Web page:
Quatrain 48


ای بس که نباشیم و جهان خواهد بود
نی نام زما و نی نشان خواهد بود
زین پیش نبودیم نبد هیچ خلل
زین پس چو نباشیم همان خواهد بود

Dashti, quatrain 11, p. 246

ey bas ke baashim o jahaan khaahad bud
ni naam ze maa o ni neshaan khaahad bud
zin pish nabudim nabod hich khalal
zin pas cho nabaashim hamaan khaahad bud

The world will long be, but of you and me
No sign, no trace for anyone to see;
The world lacked not a thing before we came,
Nor will it miss us when we cease to be.

Saidi, quatrain 132

When You and I behind the Veil are past,
Oh but the long long while the World shall last.
Which of our Coming and Departure heeds
As the Sea's self should heed a pebble-cast

FitzGerald, stanza XLVII, 4th ed.

The world will last long after my poor fame
Has passed way, yea, and my very name.
Aforetime, ere we came, we were not missed;
When we are dead and gone, 'twill be the same.

Whinfield, quatrain 150


Translation & Discussion of the quatrain: 1.  Oh/Amazing, the long time that we are not here and the world will exist  -- ey bas registers wonderment at this amount of time 2. Neither our name/recognition nor sign of us/no trace of us will be here - in other contexts, naam o neshaan will mean "reputation", say, the reputation a poet might enjoy.  It is a formulaic expression. 3.   Before we were not here there was no loss/no difficulty (i.e., nothing was wrong) 4. Later, when we are not here, it will be the same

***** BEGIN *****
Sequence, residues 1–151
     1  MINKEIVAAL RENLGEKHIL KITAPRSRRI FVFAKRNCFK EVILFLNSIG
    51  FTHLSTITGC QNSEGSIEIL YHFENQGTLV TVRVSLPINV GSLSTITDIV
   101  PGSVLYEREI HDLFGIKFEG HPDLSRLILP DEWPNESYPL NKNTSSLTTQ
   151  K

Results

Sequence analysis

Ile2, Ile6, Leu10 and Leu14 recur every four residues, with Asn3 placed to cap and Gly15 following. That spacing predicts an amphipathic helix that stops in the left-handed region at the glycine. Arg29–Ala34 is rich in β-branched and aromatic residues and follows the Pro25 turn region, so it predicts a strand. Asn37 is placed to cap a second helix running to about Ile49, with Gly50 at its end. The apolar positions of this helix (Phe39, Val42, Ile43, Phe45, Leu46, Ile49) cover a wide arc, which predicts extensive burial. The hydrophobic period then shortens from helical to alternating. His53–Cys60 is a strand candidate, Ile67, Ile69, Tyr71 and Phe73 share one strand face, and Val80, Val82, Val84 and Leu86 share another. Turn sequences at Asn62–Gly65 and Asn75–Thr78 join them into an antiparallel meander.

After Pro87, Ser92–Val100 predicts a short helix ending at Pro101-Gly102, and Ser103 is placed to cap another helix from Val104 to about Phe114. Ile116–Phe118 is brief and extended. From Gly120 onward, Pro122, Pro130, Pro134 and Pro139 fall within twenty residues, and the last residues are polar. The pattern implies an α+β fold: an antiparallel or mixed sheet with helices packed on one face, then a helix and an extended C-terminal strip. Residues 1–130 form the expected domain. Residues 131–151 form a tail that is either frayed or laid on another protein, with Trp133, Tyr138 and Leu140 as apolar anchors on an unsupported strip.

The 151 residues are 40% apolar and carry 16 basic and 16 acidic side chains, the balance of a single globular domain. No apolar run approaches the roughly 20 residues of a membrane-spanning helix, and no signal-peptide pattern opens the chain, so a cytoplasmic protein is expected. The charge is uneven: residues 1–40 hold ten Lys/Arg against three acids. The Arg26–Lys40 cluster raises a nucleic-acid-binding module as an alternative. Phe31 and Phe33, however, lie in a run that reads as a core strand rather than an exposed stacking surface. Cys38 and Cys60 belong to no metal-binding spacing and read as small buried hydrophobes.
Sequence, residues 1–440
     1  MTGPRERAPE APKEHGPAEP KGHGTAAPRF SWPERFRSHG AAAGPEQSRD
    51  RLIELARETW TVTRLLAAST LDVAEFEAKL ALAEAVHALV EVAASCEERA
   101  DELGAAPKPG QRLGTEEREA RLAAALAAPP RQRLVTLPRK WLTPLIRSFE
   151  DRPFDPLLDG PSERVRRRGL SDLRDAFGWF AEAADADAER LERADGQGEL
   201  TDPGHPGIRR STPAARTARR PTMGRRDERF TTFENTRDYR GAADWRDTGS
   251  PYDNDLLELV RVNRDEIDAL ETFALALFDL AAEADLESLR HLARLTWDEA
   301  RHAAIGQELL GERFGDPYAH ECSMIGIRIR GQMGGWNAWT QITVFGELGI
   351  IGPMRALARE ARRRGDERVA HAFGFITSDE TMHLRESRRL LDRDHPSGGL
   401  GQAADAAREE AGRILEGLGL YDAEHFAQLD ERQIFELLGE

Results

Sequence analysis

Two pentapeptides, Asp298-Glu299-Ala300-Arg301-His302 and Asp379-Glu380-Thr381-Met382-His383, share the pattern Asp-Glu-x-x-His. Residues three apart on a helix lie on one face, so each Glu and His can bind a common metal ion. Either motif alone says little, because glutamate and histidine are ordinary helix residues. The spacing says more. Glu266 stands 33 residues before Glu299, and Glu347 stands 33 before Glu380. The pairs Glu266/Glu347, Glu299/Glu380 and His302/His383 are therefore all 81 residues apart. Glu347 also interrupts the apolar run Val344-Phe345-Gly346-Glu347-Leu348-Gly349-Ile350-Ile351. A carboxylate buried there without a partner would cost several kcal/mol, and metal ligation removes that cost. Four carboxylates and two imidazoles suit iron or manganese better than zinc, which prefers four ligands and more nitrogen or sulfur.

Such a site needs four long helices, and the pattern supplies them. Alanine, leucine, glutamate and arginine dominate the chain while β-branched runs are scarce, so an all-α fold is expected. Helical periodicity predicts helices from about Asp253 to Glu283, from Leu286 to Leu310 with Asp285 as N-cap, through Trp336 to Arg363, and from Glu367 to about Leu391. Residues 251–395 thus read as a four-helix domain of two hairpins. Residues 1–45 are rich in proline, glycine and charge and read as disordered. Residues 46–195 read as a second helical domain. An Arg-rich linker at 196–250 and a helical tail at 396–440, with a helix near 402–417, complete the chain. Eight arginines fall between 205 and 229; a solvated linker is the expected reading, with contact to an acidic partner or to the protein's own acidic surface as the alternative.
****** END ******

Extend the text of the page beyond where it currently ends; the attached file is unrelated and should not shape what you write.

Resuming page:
Heron-Allen, pp. 74-75, suggests that Nicolas' quatrain 123 -- the same Persian text as Dashti's -- ( Les quatrains de Khèyam, Paris, 1867) influenced FitzGerald's stanza XLVII.  Viewers will note that FitzGerald did not compose this stanza for his first edition of 1859 but composed it for the second edition of 1868 and it remained, with only the last line altered, in subsequent editions.  In the autumn of 1867, FitzGerald had received a copy of Nicolas' 'French Omar' and had ordered a copy for Cowell (Terhune 3. 53).  Nicolas' edition of 464 quatrains (from a Tehran 1857 lithograph) gave FitzGerald a text for adding quatrains to his 2nd edition, although as his correspondence from 1867 shows, he took issue with Nicolas for the latter's mystic or Sufi interpretation of many of the quatrains published in Les quatrains de Khèyam.